Friday, January 21, 2005

How I feel about moving house

This is a story I wrote a few months ago for my former school's literature competition. (I won it!)


The worst part about open homes is not the tidying-up. It’s not the fact that you’re being kicked out unceremoniously for half an hour. It’s when you come back before it has finished and sit waiting outside in the car and watch people walking brazenly into your home as if it were just a house, wandering around checking out your wardrobe and flicking their eyes over your bookshelves, criticising your wallpaper and letting their kids play on your bars. You didn’t know that seeing it would make your stomach clench like this.

It makes you think about how much you love your house. There is something about it; you don’t know if it’s just because you’ve been there forever or if there really is something magical and safe and alive about it. And the memories flash through your mind like a slideshow. Fragmented orange light through the leaves of the hideaway; daisy chains in the long grass; red currant picking of a summer evening; tall, personable corn dominating the vegetables; hanging upside down off the bars with your head touching the grass; violets at the bottom of the garden; leaving gifts for the fairies under the Halswell Quarry stone; plum blossom and daffodils; hot potatoes in tin foil and ash; tennis against the red brick wall; screams through the sprinkler.

And then there was the huddling around the fire with marshmallows; the candlelight games of Snap when the power failed; lying on your stomach gazing at the flames and feeling like you couldn’t be more comfortable if this was Buckingham Palace and you were the Queen; the sprints up the stairs in the freezing cold with two extra blankets; Mum’s lemon and honey drinks when you’re dying of a runny nose.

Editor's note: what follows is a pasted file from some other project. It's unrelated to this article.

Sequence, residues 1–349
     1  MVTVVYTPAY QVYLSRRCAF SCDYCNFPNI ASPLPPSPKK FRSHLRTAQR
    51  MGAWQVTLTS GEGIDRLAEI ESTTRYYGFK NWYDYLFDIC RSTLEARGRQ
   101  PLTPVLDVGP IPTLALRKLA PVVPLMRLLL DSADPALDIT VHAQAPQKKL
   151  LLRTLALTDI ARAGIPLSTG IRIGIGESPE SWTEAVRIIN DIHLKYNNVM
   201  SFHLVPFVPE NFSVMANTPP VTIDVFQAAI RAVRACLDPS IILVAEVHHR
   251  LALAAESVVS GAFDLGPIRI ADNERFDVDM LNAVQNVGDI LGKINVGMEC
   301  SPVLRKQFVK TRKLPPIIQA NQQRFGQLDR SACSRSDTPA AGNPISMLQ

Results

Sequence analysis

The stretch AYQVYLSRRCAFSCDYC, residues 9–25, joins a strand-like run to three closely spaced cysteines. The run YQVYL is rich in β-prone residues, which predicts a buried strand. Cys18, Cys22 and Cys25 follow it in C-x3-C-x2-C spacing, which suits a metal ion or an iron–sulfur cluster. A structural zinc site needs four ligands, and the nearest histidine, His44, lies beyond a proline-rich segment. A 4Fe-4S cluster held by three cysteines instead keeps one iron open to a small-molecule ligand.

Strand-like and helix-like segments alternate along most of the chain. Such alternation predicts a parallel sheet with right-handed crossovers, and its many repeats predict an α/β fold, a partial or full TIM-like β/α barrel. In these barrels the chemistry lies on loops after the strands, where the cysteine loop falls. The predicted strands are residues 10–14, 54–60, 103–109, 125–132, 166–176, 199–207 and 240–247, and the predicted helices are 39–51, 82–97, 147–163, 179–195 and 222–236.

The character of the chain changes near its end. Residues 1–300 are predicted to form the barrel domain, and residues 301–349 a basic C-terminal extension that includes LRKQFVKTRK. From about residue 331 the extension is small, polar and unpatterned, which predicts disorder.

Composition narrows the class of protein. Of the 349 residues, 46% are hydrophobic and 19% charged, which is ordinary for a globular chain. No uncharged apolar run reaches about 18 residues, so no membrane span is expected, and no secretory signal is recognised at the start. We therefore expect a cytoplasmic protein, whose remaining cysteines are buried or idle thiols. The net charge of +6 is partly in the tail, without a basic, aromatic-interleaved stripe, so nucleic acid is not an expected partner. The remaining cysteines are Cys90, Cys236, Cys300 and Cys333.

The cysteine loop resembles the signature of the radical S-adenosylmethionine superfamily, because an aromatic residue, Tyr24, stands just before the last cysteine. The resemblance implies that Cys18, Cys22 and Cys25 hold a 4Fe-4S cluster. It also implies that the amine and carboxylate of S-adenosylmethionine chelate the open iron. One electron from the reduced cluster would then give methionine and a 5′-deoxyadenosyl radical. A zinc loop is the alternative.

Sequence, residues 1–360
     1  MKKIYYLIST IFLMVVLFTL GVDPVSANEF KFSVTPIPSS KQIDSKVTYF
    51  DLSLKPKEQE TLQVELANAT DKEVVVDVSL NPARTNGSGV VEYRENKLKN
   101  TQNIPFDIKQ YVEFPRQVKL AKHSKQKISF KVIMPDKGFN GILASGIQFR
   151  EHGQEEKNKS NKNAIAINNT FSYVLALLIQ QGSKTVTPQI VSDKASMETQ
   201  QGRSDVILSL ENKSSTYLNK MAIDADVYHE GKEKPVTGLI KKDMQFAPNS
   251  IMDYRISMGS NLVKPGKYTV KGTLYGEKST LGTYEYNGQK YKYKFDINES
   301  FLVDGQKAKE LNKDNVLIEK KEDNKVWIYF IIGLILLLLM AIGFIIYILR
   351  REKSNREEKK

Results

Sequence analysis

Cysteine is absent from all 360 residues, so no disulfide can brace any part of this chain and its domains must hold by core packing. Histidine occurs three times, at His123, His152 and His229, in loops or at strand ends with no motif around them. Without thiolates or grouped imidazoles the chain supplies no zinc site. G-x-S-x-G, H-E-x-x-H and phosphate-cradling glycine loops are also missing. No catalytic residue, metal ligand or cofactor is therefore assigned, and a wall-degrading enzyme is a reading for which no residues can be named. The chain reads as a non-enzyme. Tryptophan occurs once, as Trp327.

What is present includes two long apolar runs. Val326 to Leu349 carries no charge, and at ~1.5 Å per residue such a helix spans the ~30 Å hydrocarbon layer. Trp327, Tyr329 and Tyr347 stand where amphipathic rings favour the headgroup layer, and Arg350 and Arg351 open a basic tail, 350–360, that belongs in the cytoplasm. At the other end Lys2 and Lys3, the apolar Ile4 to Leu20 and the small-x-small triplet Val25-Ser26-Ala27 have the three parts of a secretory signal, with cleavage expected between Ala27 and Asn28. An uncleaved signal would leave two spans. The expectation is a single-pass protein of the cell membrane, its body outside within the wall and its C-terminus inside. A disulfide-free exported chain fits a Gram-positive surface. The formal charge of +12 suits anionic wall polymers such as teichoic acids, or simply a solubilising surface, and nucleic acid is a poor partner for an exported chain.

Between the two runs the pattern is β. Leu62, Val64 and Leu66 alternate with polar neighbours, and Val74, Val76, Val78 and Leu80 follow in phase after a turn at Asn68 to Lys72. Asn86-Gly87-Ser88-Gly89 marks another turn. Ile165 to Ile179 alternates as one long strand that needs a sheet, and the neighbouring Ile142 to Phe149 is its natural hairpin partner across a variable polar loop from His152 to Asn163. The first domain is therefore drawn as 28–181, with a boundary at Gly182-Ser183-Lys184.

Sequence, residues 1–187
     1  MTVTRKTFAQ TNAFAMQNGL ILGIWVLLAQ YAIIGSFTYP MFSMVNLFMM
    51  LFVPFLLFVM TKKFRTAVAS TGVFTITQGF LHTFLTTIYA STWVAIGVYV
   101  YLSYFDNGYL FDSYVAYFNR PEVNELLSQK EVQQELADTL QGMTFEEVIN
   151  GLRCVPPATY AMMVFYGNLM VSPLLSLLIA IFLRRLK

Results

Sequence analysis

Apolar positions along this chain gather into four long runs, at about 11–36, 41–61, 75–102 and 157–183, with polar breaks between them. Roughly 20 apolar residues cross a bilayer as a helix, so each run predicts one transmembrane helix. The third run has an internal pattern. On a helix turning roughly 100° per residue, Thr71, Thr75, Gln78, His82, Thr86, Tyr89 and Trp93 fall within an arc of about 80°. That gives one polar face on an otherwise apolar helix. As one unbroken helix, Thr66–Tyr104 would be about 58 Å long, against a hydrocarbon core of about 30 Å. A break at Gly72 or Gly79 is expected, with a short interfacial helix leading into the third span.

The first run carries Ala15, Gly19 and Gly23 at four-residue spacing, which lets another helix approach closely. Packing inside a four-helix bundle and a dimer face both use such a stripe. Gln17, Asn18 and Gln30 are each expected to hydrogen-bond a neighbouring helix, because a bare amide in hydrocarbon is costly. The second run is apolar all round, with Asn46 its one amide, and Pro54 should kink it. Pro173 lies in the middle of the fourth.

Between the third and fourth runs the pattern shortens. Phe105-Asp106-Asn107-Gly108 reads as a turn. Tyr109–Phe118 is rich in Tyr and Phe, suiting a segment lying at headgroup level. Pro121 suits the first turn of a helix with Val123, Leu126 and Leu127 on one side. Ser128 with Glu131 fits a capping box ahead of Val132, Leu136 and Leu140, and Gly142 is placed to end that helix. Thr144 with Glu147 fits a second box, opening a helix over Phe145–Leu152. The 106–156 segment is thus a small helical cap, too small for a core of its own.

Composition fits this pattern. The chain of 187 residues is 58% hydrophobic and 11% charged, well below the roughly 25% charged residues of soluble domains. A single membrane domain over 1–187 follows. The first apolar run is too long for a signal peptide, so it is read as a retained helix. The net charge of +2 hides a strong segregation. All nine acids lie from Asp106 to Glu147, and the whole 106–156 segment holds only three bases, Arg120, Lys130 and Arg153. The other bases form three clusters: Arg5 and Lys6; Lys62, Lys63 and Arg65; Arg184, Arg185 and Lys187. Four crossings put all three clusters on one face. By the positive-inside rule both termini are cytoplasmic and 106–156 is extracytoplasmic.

Still more images attack you, and you can’t get up, smile, and think about something else. Getting up at 6:00 on your birthday and groping around in the dark for your presents; waking up your teenage sister at 6:15 to say thank you; being sick and lying on the couch looking through the window at the mountain beech leaves and the patterns they make with the clouds and feeling like you’re the most special person in the world; the way you come down the stairs and open the door and are suddenly hit with the smell of the roast chicken or bacon or whatever it is that’s for dinner; the house full of people and noises and smells and laughter at Christmas; songs in the new-lounge with everyone playing a different kind of instrument or making do on a tin whistle; bookshelves exploding with every kind of book; your sisters and brothers coming home and you being so excited to see them come and so miserable when they leave; returning from holidays in the old blue van and the house being so pleasingly familiar and solid.

No house can ever compare. Suddenly it feels like leaving the house will be like betraying your best friend. You’ll drive past in the future and everything about the house will say, ‘I’m not yours anymore. You have no right to look at me.’ They’ll cut down the deformed silver birch that Dad annually mangled and install a second bathroom with tasteful wallpaper, or they’ll dig up the vegetable garden, filling it up with manageable concrete, and they’ll transform the kitchen into a symphony of stainless steel. You hope the dodgy gutter falls on their fat heads. You hope they freeze upstairs in winter. You hope the roof leaks on their beds. You hope the mice plague them.

You never want to leave.

back again

Well hello again, here I am after a very long break. Sorry! Funny thing is, as yet I am pretty sure I have no readers of my blog, so it seems rather ridiculous to apologise for being gone. I therefore direct my apology to the spirit of the internet. :)

I've been a little bit busy I suppose... maybe not though. We're moving house on the 25th. Which I don't want to do. So I've been packing and so on. Then I suddenly decided I was going to go to university this year. So I enrolled. Now I'm panicking that my student loan won't go through in time or I won't get a student allowance or something, because I left it too late!